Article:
Sweet Morality

CharlieandtheChocolateFactory When I saw Willy Wonka and the Chocolate Factory as a child, I had never heard of Roald Dahl. Although I enjoyed the movie, it was never a favorite. Like any kid I liked candy, but I’ve seldom been motivated by sweets. I discovered Roald Dahl when my daughter was young, and read for the first time his somewhat more disturbing original version of the story. Tim Burton has a reputation for going back to the roots of beloved childhood characters and revealing their darker sides. When his Charlie and the Chocolate Factory came out in 2005, the appeal went beyond sweets, for this was a modern, if sinister, morality play. While rewatching the movie recently a number of what should’ve been obvious religious motifs suggested themselves. The first came when Charlie Bucket is shown in the main chocolate processing room reaching for a candy apple. Violet Beauregarde steps in and snatches the apple from the tree in a defiantly Evesque move. She later receives her punishment by being transformed into a fruit.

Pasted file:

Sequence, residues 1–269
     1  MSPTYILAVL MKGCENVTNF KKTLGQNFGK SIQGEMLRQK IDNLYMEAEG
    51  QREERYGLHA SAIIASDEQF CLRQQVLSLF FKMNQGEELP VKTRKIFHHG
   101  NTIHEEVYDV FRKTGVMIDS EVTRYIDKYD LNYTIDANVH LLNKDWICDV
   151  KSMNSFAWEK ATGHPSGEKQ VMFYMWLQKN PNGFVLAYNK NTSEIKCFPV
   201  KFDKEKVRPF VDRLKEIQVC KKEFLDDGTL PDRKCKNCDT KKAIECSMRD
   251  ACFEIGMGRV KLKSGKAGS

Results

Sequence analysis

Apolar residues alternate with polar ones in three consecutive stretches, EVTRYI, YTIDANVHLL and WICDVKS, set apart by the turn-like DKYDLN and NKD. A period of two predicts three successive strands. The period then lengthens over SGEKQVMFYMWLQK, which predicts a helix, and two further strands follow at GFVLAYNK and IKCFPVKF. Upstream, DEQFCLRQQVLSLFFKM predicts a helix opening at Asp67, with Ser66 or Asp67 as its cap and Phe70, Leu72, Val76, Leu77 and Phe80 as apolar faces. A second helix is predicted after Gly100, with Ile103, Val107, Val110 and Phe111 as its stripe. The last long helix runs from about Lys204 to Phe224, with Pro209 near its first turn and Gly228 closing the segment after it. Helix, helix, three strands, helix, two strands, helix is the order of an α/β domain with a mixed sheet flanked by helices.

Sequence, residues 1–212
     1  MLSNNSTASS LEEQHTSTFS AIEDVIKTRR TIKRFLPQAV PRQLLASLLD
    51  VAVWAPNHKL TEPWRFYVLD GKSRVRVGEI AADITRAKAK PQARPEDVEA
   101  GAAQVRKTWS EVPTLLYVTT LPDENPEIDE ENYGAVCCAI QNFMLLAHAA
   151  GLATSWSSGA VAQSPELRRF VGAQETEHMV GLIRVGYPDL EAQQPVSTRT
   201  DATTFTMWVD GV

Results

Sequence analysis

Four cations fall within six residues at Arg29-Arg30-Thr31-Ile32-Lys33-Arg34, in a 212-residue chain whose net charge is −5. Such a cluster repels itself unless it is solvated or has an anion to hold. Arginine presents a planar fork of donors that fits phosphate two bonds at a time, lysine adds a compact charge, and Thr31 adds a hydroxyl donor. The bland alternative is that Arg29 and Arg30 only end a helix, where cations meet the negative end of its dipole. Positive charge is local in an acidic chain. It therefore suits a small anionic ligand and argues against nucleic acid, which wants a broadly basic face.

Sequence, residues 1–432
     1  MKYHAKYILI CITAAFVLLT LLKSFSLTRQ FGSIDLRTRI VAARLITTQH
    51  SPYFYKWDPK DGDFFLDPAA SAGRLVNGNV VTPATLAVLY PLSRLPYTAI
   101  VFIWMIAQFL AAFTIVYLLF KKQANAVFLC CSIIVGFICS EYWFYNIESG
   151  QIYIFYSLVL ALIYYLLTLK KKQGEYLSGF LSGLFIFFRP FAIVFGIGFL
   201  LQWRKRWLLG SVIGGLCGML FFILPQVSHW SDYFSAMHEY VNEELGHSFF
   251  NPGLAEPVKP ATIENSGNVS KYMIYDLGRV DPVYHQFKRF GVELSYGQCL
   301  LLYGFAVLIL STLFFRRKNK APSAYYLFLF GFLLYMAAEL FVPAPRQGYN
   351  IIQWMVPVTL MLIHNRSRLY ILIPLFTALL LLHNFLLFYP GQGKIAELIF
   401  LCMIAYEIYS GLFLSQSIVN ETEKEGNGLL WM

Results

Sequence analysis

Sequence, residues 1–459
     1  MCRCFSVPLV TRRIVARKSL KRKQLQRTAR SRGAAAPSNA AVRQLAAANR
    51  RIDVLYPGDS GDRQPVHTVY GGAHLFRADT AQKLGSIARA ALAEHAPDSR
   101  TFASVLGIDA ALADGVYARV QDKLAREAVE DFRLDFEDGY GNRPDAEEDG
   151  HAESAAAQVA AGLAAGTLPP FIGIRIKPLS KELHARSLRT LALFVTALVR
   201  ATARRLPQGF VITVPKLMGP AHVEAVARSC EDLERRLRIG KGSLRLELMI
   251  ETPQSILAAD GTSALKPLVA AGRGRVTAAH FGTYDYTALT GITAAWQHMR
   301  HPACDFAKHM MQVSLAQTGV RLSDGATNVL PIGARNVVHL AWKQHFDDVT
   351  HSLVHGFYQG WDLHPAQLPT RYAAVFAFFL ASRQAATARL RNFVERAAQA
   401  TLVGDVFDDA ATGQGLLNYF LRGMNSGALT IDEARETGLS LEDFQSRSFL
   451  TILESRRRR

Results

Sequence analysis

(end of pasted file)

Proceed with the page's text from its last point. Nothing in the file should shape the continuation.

Augustus Gloop receives a strange, chocolatey baptism is what might otherwise be the waters of life. After all, the Oompa-Loompas are shown bowing down in worship to a cocoa bean in a flashback. When Veruca Salt attempts to catch one of Willy Wonka’s nut-sorting squirrels, in a rather disturbing scene reminiscent of Ben, the squirrels pin her down and carry her to the garbage chute. She is carried in classic cruciform style, emphasizing the martyrdom she receives at the hands of her indulgent father. Even Mike Teavee undergoes a kind of resurrection after being atomized and projected into a television.

A friend once told me that the characters in the film represent various deadly sins. Augustus Gloop easily falls into gluttony, and Violet Beauregarde is an emblem of pride. Veruca Salt clearly represents greed, and Mike Teavee is full of wrath. Willy Wonka is part devil and part god in the film, doling out just punishment in a seemingly unfeeling way, while rewarding the few instances of virtue. Deprivation forges virtue in Charlie Bucket demonstrating how clearly the movie is in the realm of a morality play. With its horror film tropes and forays into the truly strange, Charlie and the Chocolate Factory is an example of how morality persists even in the vision of those often considered completely secular. Without it the movie becomes just another excuse to overindulge in sweets.

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